Signs of the Times unveiled at MLH and the first in Sri Lanka

The four Blue Plaques commemorating the four Governors of Sri Lanka’s colonial past who resided at the Mount Lavinia were unveiled in the presence of the Acting High Commissioner of the British High Commission of Sri Lanka: Mr Mark Gooding, Country Director of the British Council Mr Tony Reilly, The EU Ambassador Mr Bernard Savage, and Louis de Bernieres : British novelist 31st Jan 2011.

A blue plaque is a permanent sign installed in a public place to signify the link between notable figures of the past and the buildings in which they lived and worked. It is a uniquely successful means of connecting people and place, which indeed serves as a historical marker. Commemorative plaque schemes exist in England (the world’s first formal scheme) as well as Paris, France; Rome, Italy; Oslo, Norway; Dublin; Northern Ireland; Poland; Canada; and the United States.

The four Governors’ that resided at Mount Lavinia, in chronological order:

Lieutenant General Sir Thomas Maitland – the founder of ‘Mount Lavinia House’ and in consequence, ‘Mount Lavinia’ as a name for ‘Galkissa’ ( 1805 – 1811 ). He took up his appointment as His Majesty’s representative: the second British Governor of the island.

Sir Robert Brownrigg – Conqueror of Kandy (1812 – 1820). He took up his appointment as His Majesty’s representative: the third British Governor of the island.

Sir Edward Paget – brief interlude (1822) – He took up his appointment as His Majesty’s representative: the fourth British Governor of the island.

Sir Edward Barnes – the great road builder (1824 – 1831) – He took up his appointment as His Majesty’s representative: the fifth British Governor of the island.

Viscount Ian Maitland(19th Earl of Lauderdale) who sent his wishes for the event that led his forefather to initiate the landmark building had this to say,” Sir Thomas Maitland’s memory has been honoured by a plaque on the Mount Lavinia Hotel, on the site of the Governor’s house which he constructed in 1806 following an extensive tour of the island. The site was well chosen, well above the sea and benefiting from the sea breeze, which was important in the days before air conditioning.

Sir Thomas is not commemorated for building a house, but for his enlightened care for the people whose welfare he considered paramount. In his instructions to the Government Collectors he wrote “The sole object of Government is and always ought to be…..to ensure the prosperity of the island solely through……..increasing the prosperity and happiness of the people.” He is remembered in Sri Lanka as a caring and thoughtful administrator who took full account of local law and custom when codifying Ceylonese law.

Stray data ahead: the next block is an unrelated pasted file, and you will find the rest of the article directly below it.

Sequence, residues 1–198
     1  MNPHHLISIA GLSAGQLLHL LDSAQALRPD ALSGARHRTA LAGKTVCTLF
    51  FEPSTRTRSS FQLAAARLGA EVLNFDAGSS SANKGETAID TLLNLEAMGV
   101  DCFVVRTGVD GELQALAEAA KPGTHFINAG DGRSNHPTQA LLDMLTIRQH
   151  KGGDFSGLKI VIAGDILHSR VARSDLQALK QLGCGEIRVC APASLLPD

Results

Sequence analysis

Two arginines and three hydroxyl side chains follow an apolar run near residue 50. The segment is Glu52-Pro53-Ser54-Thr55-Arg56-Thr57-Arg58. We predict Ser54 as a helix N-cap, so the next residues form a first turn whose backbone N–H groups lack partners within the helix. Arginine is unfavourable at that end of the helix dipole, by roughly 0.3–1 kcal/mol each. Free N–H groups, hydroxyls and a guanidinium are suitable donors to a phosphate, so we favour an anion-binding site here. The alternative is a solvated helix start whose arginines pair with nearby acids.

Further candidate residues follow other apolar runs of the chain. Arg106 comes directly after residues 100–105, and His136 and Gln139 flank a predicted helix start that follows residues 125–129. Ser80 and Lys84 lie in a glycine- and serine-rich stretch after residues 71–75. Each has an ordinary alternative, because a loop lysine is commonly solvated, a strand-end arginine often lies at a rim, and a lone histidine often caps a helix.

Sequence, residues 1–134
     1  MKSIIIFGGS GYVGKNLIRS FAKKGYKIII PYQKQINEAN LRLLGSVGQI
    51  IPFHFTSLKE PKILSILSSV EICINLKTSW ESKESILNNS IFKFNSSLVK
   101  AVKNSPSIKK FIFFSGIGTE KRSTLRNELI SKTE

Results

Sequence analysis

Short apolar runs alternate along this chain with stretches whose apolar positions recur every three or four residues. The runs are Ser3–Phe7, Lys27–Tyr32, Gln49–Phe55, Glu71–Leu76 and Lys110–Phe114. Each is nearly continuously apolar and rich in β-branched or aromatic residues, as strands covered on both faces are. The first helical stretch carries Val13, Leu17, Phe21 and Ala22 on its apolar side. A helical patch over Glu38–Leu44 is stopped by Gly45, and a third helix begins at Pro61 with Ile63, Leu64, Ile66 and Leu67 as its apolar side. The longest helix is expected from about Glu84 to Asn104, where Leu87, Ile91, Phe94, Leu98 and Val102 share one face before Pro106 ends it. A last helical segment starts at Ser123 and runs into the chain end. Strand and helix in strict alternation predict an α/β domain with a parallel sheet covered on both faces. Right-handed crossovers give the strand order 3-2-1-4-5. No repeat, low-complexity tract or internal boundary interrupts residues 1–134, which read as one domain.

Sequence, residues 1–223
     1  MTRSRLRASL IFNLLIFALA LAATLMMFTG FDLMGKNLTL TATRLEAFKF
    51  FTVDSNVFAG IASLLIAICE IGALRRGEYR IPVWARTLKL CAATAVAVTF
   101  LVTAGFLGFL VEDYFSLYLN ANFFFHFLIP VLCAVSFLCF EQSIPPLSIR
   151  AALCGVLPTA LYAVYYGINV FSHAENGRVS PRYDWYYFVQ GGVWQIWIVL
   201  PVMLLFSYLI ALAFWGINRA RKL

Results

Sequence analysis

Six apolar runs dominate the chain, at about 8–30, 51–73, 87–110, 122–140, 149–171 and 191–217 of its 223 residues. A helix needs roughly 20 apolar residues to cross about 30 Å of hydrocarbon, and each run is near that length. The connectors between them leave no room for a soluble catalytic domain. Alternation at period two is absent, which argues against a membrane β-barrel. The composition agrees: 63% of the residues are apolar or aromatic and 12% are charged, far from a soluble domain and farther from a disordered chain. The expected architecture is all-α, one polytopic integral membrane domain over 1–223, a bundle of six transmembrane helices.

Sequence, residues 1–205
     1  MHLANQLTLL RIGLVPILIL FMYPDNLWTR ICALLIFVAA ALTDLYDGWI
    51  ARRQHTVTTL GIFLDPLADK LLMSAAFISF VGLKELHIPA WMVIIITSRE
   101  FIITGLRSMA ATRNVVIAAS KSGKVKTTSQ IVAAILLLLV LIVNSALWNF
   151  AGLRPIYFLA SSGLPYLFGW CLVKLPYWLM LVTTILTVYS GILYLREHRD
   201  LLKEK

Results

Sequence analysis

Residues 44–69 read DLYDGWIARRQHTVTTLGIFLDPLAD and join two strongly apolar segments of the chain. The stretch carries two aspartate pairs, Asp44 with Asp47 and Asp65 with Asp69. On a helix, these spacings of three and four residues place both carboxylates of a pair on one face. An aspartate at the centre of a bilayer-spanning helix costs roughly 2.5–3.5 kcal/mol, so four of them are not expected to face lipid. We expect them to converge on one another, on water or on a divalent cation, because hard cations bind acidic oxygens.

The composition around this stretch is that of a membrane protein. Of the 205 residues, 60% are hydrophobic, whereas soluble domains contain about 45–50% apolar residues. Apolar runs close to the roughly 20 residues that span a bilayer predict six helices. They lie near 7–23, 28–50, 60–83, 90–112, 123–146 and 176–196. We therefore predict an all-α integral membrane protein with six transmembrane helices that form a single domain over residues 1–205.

We enjoyed a very happy week at Mount Lavinia to celebrate the 200th anniversary of the construction of the governor’s house, and on behalf of the Clan Maitland send you our greetings.

Henry Brownrigg, a descendent of Sir Robert Brownrigg had this to say,” On behalf of the Brownrigg family I am pleased and honoured that this plaque is being unveiled in memory of Sir Robert Brownrigg, who was Governor of Ceylon from 1812 to 1820 and was the second Governor to live at Mount Lavinia.

Brownrigg came from an Anglo-Irish military family, who were not particularly wealthy nor were they well connected, but though pure will and determination Brownrigg carved a career for himself in the army. Brownrigg’s career accelerated after he caught the attention of the Duke of York (the same Duke who was immortalized in the nursery rhyme ‘The Grand Old Duke of York’.

It was during Brownrigg’s governship that Mount Lavinia played a great role in Sri Lanka’s history; this was a time of turbulence in Kandy between the king, Sri Wickrama RajaSinha, and his adigars headed by Ehelepola. The British took advantage of this to annexe Kandy, which was occupied initially without opposition.

It was to the gates of Mount Lavinia that Ehelepola

ran to on hearing the tragic news of the loss of his family, where he was met and was comforted by the Governor and Lady Brownrigg.

One of Brownrigg’s first acts was to entrench the position of the Buddhist religion and to assume on behalf of King George the protection of the Buddha’s Tooth Relic previously undertaken by the Kandyan kings. This got him into some trouble with the missionaries.

His wife Sophia Brownrigg took a great interest in all aspects of Ceylonese life. She supported botanical research and she built a Rest house for people climbing Adam’s Peak.

I recall many pleasant stays at Mount Lavinia Hotel and remember the Bicentenary celebrations with great fondness. My greetings and good wishes are sent to you for a very successful evening.

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